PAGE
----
In the case of the purely Scottish novels, he was more at home and more completely master of his materials; but, for that reason, he was, perhaps, less careful about historic accuracy in details; as he puts it, “a romancer wants but a hair to make a tether of.” No such persons, for example, as Rashleigh, or Francis Osbaldistone, or Miss Vernon, or her father, were associated in the manner these persons are represented to have been with any Jacobite rising; and, in addition, the whole financial story on which the plot turns is hopelessly muddled. Further, Rob Roy, a historical personage, never played any part in connection with Jacobitism at all similar to that assigned him in the novel. Then, in Waverley, the Fergus MacIvor whose ambitions occupy much of our attention is a mere interpolation, and by no means a happy portrait of a Highland chief; and, in Redgauntlet, the second appearance of prince Charlie in the north of England is without foundation either in fact or in tradition. Again, in The Abbot, historic truth is even more wantonly violated—violated after a fashion that tends to bewilder the reader. While the Setons were very devoted followers of queen Mary, the Henry Seton and Catherine Seton of the novel are merely imaginary creations. Although Mary Seton, one of “the four Marys,” was sent for by the queen to attend on her in England, and Lord Seton met her shortly after her escape from Lochleven, no lady of the name of Seton was in attendance on her in Lochleven castle. What is worse, the Lady Mary Fleming, whom Scott represents as in attendance on her there is apt to be confounded either with Lady Fleming, who was the queen’s governess in France, or with Mary Fleming, one of the four Marys, who, by this time, was the wife of Maitland of Lethington. Further, while Scott may partly be excused for his version of the nature of the pressure on the queen to cause her to demit her crown, he is specially unfortunate in representing Sir Robert Melville as deputed by the council to accompany Lord Lindsay on his mission, though his presence undoubtedly adds to the effectiveness of the scene with the queen. Again, in Old Mortality, Scott found it advisable, for artistic purposes, to place Henry Morton in a more immediately dangerous position than could possibly have been his; and, on the other hand, the indulged minister Poundtext, whom he represents as seeking to exercise a moderating influence in the council of the rebels, could not have been there, since none of the indulged ministers took part in the rebellion. Many minor errors of detail in his Scottish novels have also been pointed out by critics; but the important matter is his mastery of the multifarious characteristics of the period with which he deals and his power to bring home to the reader its outstanding peculiarities.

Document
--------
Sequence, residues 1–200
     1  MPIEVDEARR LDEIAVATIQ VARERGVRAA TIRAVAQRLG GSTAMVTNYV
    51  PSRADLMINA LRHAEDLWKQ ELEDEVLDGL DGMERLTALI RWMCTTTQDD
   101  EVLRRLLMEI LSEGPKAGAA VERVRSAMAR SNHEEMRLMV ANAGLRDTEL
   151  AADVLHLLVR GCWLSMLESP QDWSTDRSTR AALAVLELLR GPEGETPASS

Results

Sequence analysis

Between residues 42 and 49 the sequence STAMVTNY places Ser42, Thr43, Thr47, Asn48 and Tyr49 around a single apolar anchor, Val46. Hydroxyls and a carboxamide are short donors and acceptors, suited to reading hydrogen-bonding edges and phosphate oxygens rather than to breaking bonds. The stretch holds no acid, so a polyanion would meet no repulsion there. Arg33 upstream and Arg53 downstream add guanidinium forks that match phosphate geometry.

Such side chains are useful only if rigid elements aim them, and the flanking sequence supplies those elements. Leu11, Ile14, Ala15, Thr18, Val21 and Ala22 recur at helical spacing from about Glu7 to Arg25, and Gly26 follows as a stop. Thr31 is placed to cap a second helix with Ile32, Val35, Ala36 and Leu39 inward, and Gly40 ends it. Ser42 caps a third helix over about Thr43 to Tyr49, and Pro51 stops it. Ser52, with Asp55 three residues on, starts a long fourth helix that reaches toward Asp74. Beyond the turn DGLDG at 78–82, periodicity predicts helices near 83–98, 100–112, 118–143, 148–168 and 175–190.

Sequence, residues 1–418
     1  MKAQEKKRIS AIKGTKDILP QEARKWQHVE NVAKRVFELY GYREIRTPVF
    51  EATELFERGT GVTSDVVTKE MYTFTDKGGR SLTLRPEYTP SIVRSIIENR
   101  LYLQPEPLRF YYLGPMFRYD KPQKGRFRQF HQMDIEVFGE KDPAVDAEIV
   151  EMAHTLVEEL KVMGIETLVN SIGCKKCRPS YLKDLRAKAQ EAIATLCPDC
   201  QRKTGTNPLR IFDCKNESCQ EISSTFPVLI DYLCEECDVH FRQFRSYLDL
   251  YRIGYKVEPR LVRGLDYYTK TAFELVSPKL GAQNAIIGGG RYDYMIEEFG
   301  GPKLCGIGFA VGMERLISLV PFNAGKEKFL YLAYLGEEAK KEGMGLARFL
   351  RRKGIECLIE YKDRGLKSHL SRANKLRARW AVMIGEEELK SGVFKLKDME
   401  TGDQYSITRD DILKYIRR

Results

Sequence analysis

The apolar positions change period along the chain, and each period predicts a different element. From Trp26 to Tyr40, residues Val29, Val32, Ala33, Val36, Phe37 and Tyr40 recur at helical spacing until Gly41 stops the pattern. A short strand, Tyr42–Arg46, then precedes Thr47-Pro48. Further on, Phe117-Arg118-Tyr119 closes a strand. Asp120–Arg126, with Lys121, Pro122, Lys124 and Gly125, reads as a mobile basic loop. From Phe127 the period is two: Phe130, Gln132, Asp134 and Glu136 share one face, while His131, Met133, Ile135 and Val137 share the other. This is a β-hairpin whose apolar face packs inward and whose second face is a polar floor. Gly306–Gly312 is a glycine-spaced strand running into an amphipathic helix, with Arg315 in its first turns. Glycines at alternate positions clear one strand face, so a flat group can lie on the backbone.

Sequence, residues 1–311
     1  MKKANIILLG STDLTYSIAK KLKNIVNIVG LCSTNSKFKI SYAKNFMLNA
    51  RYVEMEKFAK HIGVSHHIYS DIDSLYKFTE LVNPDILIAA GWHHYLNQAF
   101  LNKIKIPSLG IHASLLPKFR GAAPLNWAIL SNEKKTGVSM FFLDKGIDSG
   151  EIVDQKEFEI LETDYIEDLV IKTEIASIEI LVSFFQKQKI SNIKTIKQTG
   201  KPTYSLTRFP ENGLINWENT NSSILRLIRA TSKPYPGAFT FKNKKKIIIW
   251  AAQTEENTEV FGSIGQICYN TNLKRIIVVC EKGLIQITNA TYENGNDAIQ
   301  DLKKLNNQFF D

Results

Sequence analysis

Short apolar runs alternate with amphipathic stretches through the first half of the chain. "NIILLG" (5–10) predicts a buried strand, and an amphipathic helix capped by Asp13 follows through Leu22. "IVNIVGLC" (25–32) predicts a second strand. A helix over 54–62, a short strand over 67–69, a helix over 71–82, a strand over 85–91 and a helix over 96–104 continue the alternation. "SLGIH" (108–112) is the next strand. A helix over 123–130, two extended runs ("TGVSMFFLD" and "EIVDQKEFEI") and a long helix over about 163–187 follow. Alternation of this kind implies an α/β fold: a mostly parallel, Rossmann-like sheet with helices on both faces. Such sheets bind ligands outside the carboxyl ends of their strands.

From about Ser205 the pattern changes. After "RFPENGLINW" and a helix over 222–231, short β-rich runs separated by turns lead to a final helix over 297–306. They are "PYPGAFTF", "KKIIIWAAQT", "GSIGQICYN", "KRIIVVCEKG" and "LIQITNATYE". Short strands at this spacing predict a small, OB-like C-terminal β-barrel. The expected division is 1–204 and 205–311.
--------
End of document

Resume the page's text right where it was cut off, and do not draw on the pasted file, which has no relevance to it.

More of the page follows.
In the non-Scottish novels, and in Scottish novels of earlier periods of history, the spirit of romance is the prevailing element. Here, the portraiture of characters, except in the case of main figures, is generally superficial. Such humorous or eccentric personages as are introduced cannot compare with those who, in the novels of the more modern periods, indulge in the vernacular; they are a kind of hybrid creation, suggested, partly, from the author’s own observation and, partly, by books. In the Scottish novels of the more modern periods, while the romance is of a more homely kind, and has, also, for us, lost its freshness in a manner that the earlier or the foreign element has not, there is included, on the other hand, that immortal gallery of Scottish characters to which allusion has already been made, and the creation of which—however highly his purely romantic genius may be estimated—is the most unequivocal testimony to his greatness.